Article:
A Perspective on the Human Genome Project and Access to Education Technology

A Perspective on the Human Genome Project and Access to Education Technology

23rd January 2017

Authors:

Jim McVety
VP Strategic Partnerships
jim@classlink.com

Mark Middendorp
Senior Advisor, International
mmiddendorp@classlink.com


Upon the launch of the Human Genome Project in 1990, experts estimated that it would take 15 years figure out how 3 billion genes that make up one human genome maps to its physical presence and purpose. The cost was estimated to run $6 billion USD. After the first 7 years, only 1 percent of the project was completed and experts labeled the project a failure, pointing out that it would take an additional 700 years to complete the project. Salem Ismail, author of Exponential Organizations, has addressed this issue in great detail.

Thankfully, experts can be wrong from time-to-time...the project was completed 696 years ahead of schedule. And the reason is that information is doubling every two years. This unexpectedly rapid pace of information expansion allowed us to accomplish tasks in years that were expected to take centuries. This is known as the “Knowledge Doubling Curve.”

Buckminster Fuller created the “Knowledge Doubling Curve”; he noticed that until 1900 human knowledge doubled approximately every century. By the end of World War II knowledge was doubling every 25 years. Today things are not as simple as different types of knowledge have different rates of growth. For example, nanotechnology knowledge is doubling every two years and clinical knowledge every 18 months. But on average human knowledge is doubling every 13 months. According to IBM, the build out of the “internet of things” will lead to the doubling of knowledge every 12 hours.

The takeaways from this narrative are as relevant to education as they are fascinating to ponder. As much as the experts working on the Human Genome Project were able to leverage the rapid expanse of available information, educators are now leveraging the rapid adoption of new technologies. And the pace of change is almost as staggering to education as it was to those researchers.

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The implications from this rise of technology are important, as are the questions that such change can stimulate:

  • How do we prepare our students that are going through the stages from early childhood to adolescence to careers for this unprecedented change?
  • How does technology change the way education is conducted by the teachers and experienced by students?
  • How do organizations for learning - schools, universities, governments - anticipate the changing needs of teachers and students?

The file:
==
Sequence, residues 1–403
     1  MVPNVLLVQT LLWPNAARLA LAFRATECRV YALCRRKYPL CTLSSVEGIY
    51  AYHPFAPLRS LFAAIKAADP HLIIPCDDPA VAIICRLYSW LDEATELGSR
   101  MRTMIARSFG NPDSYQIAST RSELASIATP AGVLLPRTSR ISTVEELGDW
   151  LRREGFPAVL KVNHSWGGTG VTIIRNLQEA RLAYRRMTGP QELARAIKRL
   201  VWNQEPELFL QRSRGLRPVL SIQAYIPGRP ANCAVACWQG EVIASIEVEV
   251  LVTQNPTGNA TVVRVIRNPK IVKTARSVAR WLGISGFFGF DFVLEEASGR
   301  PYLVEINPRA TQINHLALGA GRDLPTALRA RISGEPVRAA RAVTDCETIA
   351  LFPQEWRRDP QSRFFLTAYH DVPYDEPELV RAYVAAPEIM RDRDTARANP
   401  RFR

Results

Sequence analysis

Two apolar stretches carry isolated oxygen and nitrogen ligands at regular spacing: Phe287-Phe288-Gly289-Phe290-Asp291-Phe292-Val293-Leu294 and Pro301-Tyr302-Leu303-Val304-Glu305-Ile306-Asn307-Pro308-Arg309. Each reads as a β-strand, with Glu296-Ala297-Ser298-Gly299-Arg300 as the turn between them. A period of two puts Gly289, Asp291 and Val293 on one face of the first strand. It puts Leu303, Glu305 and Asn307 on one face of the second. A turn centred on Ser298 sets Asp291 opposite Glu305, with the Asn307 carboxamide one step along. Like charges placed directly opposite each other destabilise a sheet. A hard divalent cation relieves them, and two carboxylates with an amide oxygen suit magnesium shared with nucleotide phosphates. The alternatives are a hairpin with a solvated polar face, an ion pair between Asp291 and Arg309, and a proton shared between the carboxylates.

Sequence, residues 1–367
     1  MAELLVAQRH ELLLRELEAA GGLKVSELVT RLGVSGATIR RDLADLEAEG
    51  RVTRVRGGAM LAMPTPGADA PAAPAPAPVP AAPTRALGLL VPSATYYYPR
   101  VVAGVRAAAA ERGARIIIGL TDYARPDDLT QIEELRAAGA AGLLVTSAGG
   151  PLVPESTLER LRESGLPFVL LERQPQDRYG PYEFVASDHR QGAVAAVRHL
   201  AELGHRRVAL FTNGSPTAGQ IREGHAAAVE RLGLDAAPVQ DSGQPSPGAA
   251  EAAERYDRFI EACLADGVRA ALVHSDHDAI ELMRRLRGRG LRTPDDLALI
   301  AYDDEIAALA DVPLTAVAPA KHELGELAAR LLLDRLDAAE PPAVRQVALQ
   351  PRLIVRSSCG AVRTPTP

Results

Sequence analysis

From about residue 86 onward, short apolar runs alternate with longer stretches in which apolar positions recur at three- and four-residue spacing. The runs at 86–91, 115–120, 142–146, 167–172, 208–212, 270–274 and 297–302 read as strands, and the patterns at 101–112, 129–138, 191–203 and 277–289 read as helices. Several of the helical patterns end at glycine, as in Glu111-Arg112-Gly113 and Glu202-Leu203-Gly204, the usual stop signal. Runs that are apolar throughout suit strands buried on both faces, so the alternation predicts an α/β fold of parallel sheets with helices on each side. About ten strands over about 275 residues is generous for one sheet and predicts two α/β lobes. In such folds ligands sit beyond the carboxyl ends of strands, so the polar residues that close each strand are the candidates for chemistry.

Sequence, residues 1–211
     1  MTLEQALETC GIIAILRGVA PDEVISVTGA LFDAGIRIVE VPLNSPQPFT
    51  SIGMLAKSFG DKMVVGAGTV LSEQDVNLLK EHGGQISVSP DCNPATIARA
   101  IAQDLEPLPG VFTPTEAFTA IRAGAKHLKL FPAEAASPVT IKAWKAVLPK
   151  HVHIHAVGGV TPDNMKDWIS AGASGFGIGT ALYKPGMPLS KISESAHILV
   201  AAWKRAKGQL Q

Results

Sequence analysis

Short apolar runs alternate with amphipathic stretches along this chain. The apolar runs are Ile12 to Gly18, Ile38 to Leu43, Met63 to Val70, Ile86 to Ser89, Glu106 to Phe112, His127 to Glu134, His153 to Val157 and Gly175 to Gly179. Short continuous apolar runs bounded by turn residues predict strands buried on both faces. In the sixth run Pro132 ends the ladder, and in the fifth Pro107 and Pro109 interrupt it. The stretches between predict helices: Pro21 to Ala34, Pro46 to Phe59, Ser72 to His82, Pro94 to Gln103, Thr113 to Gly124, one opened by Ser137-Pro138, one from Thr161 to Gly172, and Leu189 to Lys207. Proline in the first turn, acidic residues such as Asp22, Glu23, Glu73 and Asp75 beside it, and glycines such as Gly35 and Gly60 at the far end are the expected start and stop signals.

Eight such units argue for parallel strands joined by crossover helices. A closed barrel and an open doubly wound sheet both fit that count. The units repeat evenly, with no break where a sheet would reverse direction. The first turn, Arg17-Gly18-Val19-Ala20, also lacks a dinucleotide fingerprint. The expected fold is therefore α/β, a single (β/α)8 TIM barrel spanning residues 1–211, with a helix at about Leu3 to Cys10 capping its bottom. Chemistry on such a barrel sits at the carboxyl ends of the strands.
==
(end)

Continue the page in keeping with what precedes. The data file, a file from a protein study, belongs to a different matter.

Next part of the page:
• Who will bear the burden of organizing the applications, cloud management platforms, digital files, information systems, and devices?
  • What do ministries of education need to plan for as they help diverse communities prepare for great change?

Interestingly, these kinds of questions are being asked by educational leaders, instructional designers, and curriculum developers from around the world. For all the cultural, socioeconomic, and political differences that we see throughout the world, the consistency and similarity of these questions reveals a simple, common truth. We are all keenly engaged in the pursuit of improving education.

In this shared pursuit we find a common set of challenges in the questions outlined above. While the unique needs of countries and communities will ultimately drive the specific applications, resources, and devices being used in the classroom, one thing will always remain the same...the need for safe, secure, and easy access to the digital learning resources that teacher and students need to be successful.

Without access, teachers will be unable to fully leverage new learning resources, including online professional development, peer-to-peer support, and an ever-growing wealth of curriculum materials.

Without access, students will be unable to find and engage with learning materials that meet their specific needs.

And, without access management, schools, ministries, and the organizations that support teaching and learning will be unable to fulfill on their commitment to ensure that the students of today are prepared for the world of tomorrow.

At ClassLink our work centers on the notion that access is a fundamental and constant need, no matter the pace of change or its complexity. Having worked with communities of all sizes, and having seen technology utilized in all forms, we have witnessed the powerful impact that digital learning environments can have on student outcomes.

For this reason, our technology connects to over 5,000 educational technology applications and virtual drive solutions are linked through one click, offering instant and direct access on any device at any time. The technology we use is certified by IMS Global Learning Consortium and is the preferred solution for a growing roster of schools, publishers, and platform providers. More importantly, we serve a diverse range of organizations that speak different languages, enjoy varying levels of technology capacity, from limited access to computers to fully integrated one-to-one environments.

Just as the Knowledge Double Curve is poised to amplify the amount of information available in the world, so too will the need be amplified to ensure our students have steady, reliable access.

We hope you’ll consider joining with ClassLink as we engage with school partners across the world to ensure access in this fascinating era of change. We are eager to work with like-minded educational leaders that share our sense commitment to improving teaching and learning. You can learn more about our work and our technology at classlink.com.

Who knows...maybe together we can create a knowledge curve of our own.

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